By Matthew Goldstein
There was plenty of theatrics Thursday when Jon Corzine returned to his old stomping ground–Capitol Hill–to offer an apology and a mild defense for the events that led to the collapse of MF Global. But in the end little light was shed on just what happened during those final days of October, as Corzine’s firm spiraled towards bankruptcy and hundreds of millions dollars of supposedly protected customer money went missing.
Corzine said many times he didn’t know what happened to the money and was shocked as anyone to find out the money was gone. But there is one thing Corzine said that will prove to be the most critical part of his testimony and that’s his assertion that he never intended to do anything wrong. Or more precisely, he never intended to have customer money maintained in segregated accounts transferred to the firm’s own bank accounts.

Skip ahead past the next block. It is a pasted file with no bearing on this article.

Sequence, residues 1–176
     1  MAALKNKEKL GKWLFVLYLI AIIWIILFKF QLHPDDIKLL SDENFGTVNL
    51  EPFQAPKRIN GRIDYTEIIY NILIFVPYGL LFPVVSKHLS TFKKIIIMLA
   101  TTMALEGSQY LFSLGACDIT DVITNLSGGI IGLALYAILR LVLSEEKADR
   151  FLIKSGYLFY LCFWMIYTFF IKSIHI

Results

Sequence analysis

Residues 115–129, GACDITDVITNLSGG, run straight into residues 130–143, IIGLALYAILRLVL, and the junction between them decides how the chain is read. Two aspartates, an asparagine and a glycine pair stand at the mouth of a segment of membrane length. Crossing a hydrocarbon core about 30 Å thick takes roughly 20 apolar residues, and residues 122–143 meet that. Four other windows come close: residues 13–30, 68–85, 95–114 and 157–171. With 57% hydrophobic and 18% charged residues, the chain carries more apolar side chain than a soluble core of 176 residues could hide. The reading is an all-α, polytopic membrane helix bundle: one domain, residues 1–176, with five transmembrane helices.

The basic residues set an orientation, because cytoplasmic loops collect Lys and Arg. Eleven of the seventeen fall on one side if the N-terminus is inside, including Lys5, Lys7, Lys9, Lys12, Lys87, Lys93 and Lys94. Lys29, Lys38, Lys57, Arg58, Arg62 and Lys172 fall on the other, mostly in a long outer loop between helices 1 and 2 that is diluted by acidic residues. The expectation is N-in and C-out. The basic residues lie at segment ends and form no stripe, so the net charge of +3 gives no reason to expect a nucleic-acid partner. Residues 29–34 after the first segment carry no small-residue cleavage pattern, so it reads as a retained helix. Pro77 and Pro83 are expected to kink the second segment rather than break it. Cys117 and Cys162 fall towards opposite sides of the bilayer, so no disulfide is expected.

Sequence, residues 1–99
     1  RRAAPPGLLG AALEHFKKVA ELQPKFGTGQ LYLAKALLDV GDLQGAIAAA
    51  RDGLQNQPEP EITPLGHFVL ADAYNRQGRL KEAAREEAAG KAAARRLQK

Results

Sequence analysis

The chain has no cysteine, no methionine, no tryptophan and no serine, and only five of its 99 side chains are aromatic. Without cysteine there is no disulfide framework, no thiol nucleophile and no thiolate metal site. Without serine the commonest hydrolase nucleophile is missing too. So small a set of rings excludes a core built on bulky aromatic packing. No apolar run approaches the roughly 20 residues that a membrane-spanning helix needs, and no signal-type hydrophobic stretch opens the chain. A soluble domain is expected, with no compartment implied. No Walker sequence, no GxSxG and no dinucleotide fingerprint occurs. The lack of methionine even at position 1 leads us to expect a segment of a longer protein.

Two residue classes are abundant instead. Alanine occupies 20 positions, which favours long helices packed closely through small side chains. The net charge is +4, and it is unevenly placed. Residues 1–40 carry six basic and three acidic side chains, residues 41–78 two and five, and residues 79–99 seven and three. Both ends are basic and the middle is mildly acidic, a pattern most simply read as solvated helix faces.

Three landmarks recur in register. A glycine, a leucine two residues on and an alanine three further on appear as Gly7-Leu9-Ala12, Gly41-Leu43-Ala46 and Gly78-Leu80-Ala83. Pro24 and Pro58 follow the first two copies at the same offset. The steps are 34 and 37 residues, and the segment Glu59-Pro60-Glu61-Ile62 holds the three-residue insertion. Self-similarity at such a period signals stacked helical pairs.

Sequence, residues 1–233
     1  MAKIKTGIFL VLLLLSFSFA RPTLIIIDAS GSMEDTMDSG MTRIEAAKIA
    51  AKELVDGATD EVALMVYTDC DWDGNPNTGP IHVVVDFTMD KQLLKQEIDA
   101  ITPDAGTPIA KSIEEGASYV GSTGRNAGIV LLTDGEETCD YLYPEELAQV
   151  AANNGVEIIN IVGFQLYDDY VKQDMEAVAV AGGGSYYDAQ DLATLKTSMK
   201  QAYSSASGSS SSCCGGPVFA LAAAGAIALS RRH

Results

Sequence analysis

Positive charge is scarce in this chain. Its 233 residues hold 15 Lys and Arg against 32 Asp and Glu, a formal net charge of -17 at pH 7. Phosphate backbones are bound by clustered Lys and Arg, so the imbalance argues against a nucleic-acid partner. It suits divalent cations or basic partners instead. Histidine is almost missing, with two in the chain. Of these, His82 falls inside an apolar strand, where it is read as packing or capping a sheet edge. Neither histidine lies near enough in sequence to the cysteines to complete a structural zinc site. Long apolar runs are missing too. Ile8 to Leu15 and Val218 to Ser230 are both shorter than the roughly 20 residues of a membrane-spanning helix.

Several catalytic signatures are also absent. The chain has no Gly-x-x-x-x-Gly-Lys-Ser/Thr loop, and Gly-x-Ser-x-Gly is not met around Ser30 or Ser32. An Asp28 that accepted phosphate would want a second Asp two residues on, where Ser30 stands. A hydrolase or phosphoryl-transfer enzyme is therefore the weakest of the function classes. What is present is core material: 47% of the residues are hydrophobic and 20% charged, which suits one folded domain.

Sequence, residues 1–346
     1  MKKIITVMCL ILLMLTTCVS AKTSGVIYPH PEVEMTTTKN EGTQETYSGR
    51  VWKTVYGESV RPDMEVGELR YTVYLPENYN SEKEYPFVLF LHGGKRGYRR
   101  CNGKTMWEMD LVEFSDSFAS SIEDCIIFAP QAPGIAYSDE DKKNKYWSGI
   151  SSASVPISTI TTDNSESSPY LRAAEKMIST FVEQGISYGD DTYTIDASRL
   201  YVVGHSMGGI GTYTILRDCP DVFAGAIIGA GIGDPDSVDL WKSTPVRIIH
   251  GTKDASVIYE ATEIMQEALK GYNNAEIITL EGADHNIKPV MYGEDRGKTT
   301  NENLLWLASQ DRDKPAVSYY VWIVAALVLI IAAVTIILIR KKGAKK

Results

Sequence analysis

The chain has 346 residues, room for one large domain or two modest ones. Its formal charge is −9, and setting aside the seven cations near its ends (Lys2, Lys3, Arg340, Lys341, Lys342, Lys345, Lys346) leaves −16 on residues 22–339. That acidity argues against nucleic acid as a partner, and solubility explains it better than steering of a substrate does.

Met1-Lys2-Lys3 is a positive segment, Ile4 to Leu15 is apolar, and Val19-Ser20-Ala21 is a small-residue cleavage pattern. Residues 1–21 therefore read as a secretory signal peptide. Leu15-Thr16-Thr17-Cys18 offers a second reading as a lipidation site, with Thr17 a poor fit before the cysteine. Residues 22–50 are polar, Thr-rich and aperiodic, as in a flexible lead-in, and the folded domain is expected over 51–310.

As anyone who has been following the MF Global saga now knows, the one inviolate rule of the futures industry is that a firm cannot commingle its money with its customers, or take customer money in a segregated account to pay the firm’s bills or debts.
Yet it increasingly looks like customer money was moved and commingled with the firm’s own money. But the challenge for investigators from the FBI to determine is whether the commingling was an accident–the result of gross negligence by harried and frantic employees of MF Global. Or was the money moved in a deliberate and desperate attempt to the keep the ship afloat.
It’s an important distinction because gross negligence–no matter how bad that might be–would likely only expose those at MF Global to potential civil liability. That’s bad and could results in stiff fines and bans from the futures business for individuals, but probably no jail time.